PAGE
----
11 February 2015

Inside a heritage home in Basavanagudi

Recently I had the chance to step back into another time when I took part in a heritage walk exploring the old homes of Basavanagudi a neighbourhood in south Bangalore. We were a small group made up of long-time Bangaloreans and other more recent residents (and me, a former resident!), who were all eager to learn more about the cultural heritage of this neighbourhood and explore its wide tree-lined avenues, and especially its heritage homes.

Our guide for the tour was Mansoor Ali, an architect who grew up in the neighbourhood and who leads this walk for Unhurried, which organises several themed walking tours across the city. He told me that they usually visit about six homes on this walk, but despite his efforts we only had the chance to see a few because many of the homeowners were out.

The highlight of the walk was a 107-year-old house which had belonged to Nanjundiah Krishna Rau, a former Diwan (prime minister) of the Mysore Kingdom.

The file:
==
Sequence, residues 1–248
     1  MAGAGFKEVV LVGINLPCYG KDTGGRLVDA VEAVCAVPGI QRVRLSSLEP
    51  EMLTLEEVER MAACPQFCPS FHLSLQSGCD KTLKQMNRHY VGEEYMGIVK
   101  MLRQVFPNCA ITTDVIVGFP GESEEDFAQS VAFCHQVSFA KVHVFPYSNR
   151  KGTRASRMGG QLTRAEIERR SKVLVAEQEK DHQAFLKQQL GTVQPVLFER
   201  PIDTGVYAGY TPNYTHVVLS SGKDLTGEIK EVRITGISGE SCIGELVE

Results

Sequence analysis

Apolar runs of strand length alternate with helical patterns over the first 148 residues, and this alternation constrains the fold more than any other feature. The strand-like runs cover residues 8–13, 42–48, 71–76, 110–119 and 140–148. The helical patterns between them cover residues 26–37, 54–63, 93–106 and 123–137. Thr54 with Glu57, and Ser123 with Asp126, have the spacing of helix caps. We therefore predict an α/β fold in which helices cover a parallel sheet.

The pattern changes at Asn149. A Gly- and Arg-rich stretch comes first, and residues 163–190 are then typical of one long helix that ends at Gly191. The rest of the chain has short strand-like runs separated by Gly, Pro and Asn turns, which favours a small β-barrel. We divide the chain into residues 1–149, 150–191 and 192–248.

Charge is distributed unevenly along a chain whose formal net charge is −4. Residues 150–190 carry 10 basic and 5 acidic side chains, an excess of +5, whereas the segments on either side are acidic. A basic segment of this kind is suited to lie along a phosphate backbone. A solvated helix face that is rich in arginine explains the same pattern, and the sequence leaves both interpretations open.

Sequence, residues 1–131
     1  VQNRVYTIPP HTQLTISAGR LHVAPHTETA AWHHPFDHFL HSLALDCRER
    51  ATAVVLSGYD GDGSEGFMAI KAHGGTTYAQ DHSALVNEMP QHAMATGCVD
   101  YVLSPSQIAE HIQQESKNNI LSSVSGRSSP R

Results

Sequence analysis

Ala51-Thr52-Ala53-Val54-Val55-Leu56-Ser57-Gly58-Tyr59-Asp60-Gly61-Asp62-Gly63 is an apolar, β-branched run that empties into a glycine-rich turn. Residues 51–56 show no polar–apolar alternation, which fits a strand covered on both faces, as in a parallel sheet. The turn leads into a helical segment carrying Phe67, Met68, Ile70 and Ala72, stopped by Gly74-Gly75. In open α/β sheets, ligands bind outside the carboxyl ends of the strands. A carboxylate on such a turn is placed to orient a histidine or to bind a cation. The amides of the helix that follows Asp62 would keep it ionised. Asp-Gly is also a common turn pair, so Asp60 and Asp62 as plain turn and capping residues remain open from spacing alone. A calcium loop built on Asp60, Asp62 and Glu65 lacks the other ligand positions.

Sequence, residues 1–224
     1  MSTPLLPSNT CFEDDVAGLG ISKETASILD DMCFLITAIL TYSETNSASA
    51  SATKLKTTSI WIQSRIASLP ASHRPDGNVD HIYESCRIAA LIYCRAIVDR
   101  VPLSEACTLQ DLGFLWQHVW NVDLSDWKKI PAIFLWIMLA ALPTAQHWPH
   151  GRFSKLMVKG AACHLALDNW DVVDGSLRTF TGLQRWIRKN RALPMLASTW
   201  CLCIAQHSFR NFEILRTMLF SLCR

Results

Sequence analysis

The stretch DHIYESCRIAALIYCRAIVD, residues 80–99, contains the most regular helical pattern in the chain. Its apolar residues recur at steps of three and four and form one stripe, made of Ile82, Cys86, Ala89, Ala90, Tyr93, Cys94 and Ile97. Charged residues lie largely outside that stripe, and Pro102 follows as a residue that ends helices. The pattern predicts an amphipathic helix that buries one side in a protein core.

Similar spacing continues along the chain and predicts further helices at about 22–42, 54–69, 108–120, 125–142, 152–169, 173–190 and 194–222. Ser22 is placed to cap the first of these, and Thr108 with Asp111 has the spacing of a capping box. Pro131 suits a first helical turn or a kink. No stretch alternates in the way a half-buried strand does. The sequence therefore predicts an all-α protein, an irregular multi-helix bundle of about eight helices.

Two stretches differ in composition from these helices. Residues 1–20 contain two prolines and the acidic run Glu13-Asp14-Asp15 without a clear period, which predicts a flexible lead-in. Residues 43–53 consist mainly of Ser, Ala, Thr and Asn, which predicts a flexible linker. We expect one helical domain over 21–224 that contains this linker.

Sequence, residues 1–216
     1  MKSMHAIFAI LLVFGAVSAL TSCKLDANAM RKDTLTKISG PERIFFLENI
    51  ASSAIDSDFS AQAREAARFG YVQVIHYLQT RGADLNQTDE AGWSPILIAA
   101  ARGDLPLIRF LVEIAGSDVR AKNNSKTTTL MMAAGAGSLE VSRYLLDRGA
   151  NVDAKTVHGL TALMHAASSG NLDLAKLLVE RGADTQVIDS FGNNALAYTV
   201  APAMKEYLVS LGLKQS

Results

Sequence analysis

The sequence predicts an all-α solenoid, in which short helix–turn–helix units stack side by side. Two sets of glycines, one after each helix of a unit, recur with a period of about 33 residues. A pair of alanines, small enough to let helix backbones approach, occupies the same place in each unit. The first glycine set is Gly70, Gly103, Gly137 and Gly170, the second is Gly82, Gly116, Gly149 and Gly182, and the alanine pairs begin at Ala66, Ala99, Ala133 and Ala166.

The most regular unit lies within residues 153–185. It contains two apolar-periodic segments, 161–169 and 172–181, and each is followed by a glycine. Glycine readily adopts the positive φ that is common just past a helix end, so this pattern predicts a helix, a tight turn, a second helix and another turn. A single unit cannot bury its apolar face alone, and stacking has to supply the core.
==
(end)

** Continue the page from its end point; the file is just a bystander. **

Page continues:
Today his great grandson, Mr M. R. Narendra, an author, lives on the ground floor of the house, while the upper floor is the home of Mr Narendra’s nephew.

We admired the pillared porch which was where ‘informal guests’ used to be received, explained Mansoor, and the large garden and its many trees, including one which was surrounded by a porched enclosure. 

Stepping through Mr M. R. Narendra’s doorway was like taking a step back into another time.  He welcomed us warmly into his home and showed us around. Inside we saw many period features like a Madras terrace ceiling, a red oxide floor, colonial-style furniture, and a traditional swing. We even got a peek of a 1935 Standard automobile in the garage (sorry no photo!).

In my previous post, I wrote about Bangalore’s disappearing heritage homes. This trend to demolish old houses and replace them with apartment buildings has not spared any of the city’s neighbourhoods, including Basavanagudi.

Old and new in Basavanagudi

Gardens make way for parking lots 
A large garden is becoming a rarity in Bangalore, where people prefer to have as large a living space as possible, building huge buildings which leave little space between properties. “At 25,000 Rupees a square foot, gardens are considered a waste of space,” explained Mansoor.

I'm glad that Mr Narendra has preserved his old house and not fallen prey to the developers who are changing the face of the city. There are still a few glimpses of the old Bangalore and thanks to this unique walking tour, I had the chance to experience a little bit of it.  

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